“The Covid-19 pandemic has affected our revenue streams and we have not met revenue collection targets as a country and hence there is no money to meet the demands being made by the health workers,” said Governor Oparanya.     

In Kisumu, services at all public hospitals remained paralysed following the ongoing health workers strike.

Patients from the lakeside town and its environs were forced to seek medical attention services from private hospitals while those who could not afford resorted to herbal medicine and purchasing drugs over the counter. 

A spot check by People Daily at the Kisumu County Hospital (KCH), Ahero sub-County Hospital, Lumumba Hospital and Orongo Dispensary found empty beds in wards, empty waiting benches and padlocks in nearly all the rooms. At the KCH, only the psychiatry ward and HIV clinic were partially in operation.

According to Medical Superintendent Dr Francis Oyugi, they were forced to suspend all services and send away patients because of the crisis occasioned by the health workers strike.

“The only open place right now is the HIV clinic and the psychiatry ward,” he said. On his part, Dr Bernard Owino, who is in-charge of Ahero Sub-County Hospital said the maternity wing is always opened at times with one or two nurses but the theatre is closed.

Owino said the facility, which on a normal working day accommodates between 100-200 out patients per day with more than 10 deliveries remained paralysed.

“The situation is unfortunate since people are suffering and with time they might start dying,” he said.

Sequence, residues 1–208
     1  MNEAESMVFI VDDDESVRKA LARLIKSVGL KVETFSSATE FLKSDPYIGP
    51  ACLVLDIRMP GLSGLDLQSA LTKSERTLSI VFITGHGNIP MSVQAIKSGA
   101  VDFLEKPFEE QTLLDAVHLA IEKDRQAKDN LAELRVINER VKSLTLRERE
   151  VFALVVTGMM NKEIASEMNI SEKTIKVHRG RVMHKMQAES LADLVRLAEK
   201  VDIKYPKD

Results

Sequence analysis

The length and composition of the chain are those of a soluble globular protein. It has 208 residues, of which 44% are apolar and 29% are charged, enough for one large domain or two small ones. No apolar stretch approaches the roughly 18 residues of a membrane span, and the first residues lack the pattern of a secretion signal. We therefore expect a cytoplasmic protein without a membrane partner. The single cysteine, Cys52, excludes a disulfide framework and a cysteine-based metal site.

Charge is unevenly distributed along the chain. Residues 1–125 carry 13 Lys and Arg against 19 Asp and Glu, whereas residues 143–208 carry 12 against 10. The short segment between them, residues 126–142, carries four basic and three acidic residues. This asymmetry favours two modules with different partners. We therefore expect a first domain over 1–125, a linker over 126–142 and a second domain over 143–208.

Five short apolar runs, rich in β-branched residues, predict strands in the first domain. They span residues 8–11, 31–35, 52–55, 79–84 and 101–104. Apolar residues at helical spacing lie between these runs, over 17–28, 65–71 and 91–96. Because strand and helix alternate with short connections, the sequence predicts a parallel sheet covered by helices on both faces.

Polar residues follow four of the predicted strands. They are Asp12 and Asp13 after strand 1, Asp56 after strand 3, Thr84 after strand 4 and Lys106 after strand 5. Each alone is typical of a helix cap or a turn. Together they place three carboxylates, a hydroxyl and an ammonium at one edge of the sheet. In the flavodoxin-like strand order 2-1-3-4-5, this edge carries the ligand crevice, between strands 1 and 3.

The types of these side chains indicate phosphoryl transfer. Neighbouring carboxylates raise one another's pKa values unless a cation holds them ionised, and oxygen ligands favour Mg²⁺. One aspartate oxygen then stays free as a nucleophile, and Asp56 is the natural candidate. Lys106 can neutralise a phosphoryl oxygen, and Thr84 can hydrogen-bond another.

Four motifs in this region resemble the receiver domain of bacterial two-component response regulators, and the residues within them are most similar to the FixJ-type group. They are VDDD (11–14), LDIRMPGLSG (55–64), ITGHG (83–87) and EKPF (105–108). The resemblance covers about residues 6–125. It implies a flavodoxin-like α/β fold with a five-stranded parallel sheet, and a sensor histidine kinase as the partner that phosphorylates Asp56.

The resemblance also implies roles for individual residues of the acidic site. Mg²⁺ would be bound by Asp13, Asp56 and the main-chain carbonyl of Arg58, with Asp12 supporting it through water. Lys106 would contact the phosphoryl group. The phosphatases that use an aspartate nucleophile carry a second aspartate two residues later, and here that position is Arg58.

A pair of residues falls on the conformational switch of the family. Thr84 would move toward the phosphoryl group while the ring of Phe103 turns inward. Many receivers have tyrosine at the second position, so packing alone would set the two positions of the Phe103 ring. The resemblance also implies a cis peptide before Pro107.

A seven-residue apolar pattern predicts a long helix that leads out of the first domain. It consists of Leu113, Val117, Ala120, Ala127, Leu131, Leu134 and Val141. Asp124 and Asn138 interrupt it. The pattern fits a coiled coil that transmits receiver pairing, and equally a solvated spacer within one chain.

He added: “Ahero covers a large area especially in the maternity department but due to the strike, the women have been forced to deliver in their homes, which is kind of risky. I wish the government could hear our grievances out to enable us attend to the people.” In Murang’a, nurses and clinical officers joined their colleagues from other counties and downed tools to press for better terms.  The health workers have been offering services in the past two weeks despite a national strike, which was announced by their union officials.

Kenyan National Union of Nurses Murang’a branch chairman Kenneth Kihato castigated the county government for making empty promises on challenges the health workers faced.

Empty promises

Kihato observed that nurses and clinical officers who were employed under the Universal Health Care (UHC) have not received their salaries for the last seven months. He said the medics have been putting their lives at risk of contracting coronavirus and faulted the county government for not providing standard Personal Protection Equipment (PPEs).

“The facemasks we have been issued with are not of the required standard to be used by frontline workers in fight against Covid-19. It is a shame some of the masks can only protect one from dust,” he added.

Those employed on a permanent basis decried that they have not been paid for three months.

A spot check at Murang’a Level Five Hospital revealed scores of patients waiting for treatment at benches with no one ready to serve them. James Ndung’u said he arrived at the facility at 7.30am to receive treatment only to find no doctor to attend to him.

Health workers accused the county administration of employing nurses and clinical officers on contract,  saying it is a move to blackmail them. 

“Employing health workers on contract is a way to blackmail and pay them meager salaries. We will not allow this and we are not going back to work until our grievances are addressed sufficiently,” warned Kihato. - Stories by Roy Lumbe, Robert Ochoro, Wangari Njuguna, Viola Kosome and KNA